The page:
We have long advised the majority of our SME clients to avoid native apps that only work on one kind device – typically iOS or Android – and to focus instead on responsive web apps that work on every device. This is the point Aidan made a few weeks ago in an article he wrote for Lancashire Business View:
The problem for SMEs is they need to create at least two apps (one for Apple, one for Android), they need to persuade people to install their app (not an insignificant barrier), they need to offer something so compelling it’s worth using the app regularly, and then they need something for everyone else – people using desktops and laptops, and all the people on tablets and mobile that don’t have the app installed.
There are some really sound reasons for this approach, as nicely summarised in an excellent Medium post by Eric Elliott. Here’s a brief extract from that piece:
App store friction is a major obstacle. It takes about 6 clicks to install a native app, and with each click, you lose about 20% of your users. Deciding to install an app is a lot harder than deciding to use a web app. You have to click install, wait for the app to download, worry about how much space it will take, and worry about the scary permissions it will require. Native apps lose a lot of their potential users before they even click install.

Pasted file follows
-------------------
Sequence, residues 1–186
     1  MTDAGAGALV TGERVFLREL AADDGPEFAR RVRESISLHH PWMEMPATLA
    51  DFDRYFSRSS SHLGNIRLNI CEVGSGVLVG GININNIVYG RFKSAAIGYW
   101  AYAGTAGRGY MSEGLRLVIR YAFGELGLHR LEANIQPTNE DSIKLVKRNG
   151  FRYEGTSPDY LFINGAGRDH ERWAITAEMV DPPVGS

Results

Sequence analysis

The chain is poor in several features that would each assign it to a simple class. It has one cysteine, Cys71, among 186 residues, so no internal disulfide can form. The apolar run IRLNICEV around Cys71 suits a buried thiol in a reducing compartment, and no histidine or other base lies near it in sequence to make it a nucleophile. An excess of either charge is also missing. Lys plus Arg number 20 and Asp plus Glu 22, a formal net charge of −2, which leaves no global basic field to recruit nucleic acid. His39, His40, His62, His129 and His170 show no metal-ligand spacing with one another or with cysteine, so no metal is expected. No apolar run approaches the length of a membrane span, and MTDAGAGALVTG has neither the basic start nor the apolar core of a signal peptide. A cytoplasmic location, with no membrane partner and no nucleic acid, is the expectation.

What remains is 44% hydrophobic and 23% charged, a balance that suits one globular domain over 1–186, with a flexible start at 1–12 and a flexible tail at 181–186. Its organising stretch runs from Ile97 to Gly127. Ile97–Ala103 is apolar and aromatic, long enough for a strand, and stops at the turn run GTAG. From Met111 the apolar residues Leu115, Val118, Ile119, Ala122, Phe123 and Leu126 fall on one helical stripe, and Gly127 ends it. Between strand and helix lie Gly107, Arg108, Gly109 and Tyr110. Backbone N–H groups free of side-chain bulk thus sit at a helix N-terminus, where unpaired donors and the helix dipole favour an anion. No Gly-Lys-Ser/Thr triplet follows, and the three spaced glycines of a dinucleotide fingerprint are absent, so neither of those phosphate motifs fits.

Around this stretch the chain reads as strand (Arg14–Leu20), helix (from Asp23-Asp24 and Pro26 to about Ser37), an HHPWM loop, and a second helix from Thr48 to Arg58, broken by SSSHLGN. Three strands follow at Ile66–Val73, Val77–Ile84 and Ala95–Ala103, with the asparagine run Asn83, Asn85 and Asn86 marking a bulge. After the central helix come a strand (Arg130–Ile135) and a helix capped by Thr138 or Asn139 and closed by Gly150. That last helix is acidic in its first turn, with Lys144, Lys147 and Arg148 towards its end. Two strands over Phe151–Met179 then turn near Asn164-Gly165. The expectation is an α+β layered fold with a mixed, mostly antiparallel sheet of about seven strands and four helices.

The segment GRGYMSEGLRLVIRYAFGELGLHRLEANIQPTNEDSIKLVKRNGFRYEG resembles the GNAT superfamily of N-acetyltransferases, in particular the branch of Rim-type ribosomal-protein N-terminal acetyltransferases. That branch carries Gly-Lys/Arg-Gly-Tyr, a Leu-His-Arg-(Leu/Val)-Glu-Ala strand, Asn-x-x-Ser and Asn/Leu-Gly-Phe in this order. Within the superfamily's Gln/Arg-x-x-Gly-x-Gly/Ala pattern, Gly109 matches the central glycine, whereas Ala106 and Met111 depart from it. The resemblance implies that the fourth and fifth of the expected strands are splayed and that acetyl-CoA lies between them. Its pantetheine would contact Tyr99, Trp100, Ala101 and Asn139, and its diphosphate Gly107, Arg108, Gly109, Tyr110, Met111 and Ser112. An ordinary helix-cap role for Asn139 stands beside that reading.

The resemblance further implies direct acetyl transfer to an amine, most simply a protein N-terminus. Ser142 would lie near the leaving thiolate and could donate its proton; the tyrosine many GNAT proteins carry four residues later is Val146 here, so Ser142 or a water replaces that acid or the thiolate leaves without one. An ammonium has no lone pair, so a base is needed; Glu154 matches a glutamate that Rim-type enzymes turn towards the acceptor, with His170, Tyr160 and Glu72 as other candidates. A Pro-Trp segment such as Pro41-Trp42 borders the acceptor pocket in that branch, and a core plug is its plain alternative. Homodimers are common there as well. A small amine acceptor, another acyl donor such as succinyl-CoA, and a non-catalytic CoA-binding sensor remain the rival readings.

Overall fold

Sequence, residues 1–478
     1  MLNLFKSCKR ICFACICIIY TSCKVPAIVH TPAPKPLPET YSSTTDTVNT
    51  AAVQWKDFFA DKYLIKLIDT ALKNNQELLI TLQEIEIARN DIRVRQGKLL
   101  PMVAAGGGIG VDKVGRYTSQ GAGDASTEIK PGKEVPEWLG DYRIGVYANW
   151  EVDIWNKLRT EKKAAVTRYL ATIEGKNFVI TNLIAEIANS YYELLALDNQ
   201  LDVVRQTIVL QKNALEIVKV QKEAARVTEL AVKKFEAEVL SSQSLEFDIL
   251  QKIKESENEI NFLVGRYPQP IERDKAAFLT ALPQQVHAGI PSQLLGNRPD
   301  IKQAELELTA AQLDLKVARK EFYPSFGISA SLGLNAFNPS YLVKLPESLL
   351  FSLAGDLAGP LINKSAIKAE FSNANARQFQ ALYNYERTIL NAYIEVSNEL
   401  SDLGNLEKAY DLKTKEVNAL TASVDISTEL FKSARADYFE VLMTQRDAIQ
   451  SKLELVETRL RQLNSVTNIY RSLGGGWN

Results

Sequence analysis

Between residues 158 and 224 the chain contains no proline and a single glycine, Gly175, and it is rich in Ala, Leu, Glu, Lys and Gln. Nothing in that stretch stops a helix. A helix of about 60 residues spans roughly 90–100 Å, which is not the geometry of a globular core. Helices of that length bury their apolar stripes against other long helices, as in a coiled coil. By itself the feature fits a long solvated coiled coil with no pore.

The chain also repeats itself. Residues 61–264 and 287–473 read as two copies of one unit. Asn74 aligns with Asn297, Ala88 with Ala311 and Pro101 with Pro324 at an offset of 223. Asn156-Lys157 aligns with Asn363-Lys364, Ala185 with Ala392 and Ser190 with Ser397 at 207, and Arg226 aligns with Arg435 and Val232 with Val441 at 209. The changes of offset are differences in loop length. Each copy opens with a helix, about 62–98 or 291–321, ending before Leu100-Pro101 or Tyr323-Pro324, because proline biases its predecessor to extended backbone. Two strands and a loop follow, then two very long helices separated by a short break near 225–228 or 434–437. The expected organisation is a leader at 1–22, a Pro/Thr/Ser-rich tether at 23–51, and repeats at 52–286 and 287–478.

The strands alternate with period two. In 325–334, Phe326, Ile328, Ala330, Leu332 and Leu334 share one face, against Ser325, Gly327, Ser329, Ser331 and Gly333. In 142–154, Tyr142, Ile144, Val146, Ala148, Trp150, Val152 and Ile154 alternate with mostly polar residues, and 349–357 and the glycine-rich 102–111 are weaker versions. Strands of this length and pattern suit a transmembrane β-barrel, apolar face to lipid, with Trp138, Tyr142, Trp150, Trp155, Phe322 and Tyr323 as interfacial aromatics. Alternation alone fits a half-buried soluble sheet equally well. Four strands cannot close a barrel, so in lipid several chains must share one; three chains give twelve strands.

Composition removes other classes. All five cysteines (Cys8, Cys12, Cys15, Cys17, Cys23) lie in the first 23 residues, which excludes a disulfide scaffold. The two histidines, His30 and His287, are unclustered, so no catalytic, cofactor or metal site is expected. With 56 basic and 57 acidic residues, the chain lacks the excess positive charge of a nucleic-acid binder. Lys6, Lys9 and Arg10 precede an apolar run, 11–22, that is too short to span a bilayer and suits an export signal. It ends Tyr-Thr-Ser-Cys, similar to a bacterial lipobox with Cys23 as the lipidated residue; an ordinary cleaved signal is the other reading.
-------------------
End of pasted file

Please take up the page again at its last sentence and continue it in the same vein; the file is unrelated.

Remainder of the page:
With a progressive web app, you visit a URL and immediately get to try the app. If you continue to use it, you get prompted to install it to your home screen with one click. From that point on, it behaves like a native app. It can work offline, take photos, use WebGL for 3D games, access the GPU for hardware accelerated processing, record audio, etc… The web platform has grown up. It’s time to take it seriously.
Elliot goes on to note the the issues with native apps are significant (unless you’ve one of the 1%):
- 60% of apps in the Google Play app store have never been downloaded.
- The average user downloads less than 3 apps per month. Half of US smartphone users download zero apps per month.
- Mobile users spend most of their time in apps, but 94% of app revenue comes from 1% of publishers, and users spend 80% of their time using just 5 apps.
- 80% of users who download an app fail to become active users.
- Worried about missing out on app store revenue? In app purchases are where the money is at, and you can do that in your own app without splitting costs with Apple or Google.
Our advice remains the same. Unless you absolutely positively must have a native app, choose instead a responsive web app. Contact us for a chat about this.